New Scientific Support for astrology comes from a surprising source.
In 1985, Nature, one of the world's most prestigious scientific journals, published "A Double Blind Test of Astrology", now known as the 'Carlson experiment'. The conclusion was that natal astrology as practised by reputable astrologers was no better than chance. For astrology, it was a landmark experiment that continues to undermine the credibility of every astrological consultant, researcher and school. Recent research shows not only that Carlson's conclusions were wrong (Vidmar 2008), but also that his experiment produced evidence that the tested astrologers performed their tasks successfully to a level that could not be explained by chance (Ertel 2009).
This article attempts to synthesise the evidence from different sources with some additional observations. It seeks to clarify how Carlson imported the results of one test into another separate test. This led to sampling errors that disguised results that favoured the astrologers - results that were later discovered by Professor Ertel. To balance this, an attempt is made, here, to present the sceptical reaction to this new evidence. Graphics have been compiled to display the astrologers' predicted rating of their matches weighted by the frequency and to show how enabling astrologers to make these confidence judgements with the data amplifies the precision. ...pdf of full article now available on-line...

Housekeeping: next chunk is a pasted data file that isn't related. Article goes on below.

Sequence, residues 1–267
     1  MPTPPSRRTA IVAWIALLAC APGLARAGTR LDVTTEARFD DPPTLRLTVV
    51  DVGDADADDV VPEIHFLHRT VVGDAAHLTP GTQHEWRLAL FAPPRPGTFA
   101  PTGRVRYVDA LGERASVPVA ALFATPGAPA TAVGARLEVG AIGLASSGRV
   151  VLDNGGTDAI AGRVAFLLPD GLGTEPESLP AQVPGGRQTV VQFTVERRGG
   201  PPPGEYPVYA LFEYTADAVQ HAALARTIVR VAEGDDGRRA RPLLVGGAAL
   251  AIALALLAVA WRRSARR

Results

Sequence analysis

Copyright © 2010 Published by the AA of GB
Thanks to Dr. Pat Harris, Ken McRitchie, Dr. Geoffrey Dean, Professor Suitbert Ertel, Professor Joseph Vidmar, Karen Chiarello, Deborah Houlding, and Jill Davies for their help and advice.
Robert Currey, BSc.[Hons], DF Astrol.S., Cert.Int.ACG.
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|The full article is published in Correlation, the Astrological Association Journal of Research in Astrology (July, 2011). To obtain copies or for a subscription go to the CorrelationJournal.com.
Note: I take no credit for the journal cover (above)! ~ Robert Currey
Graphs from the Paper |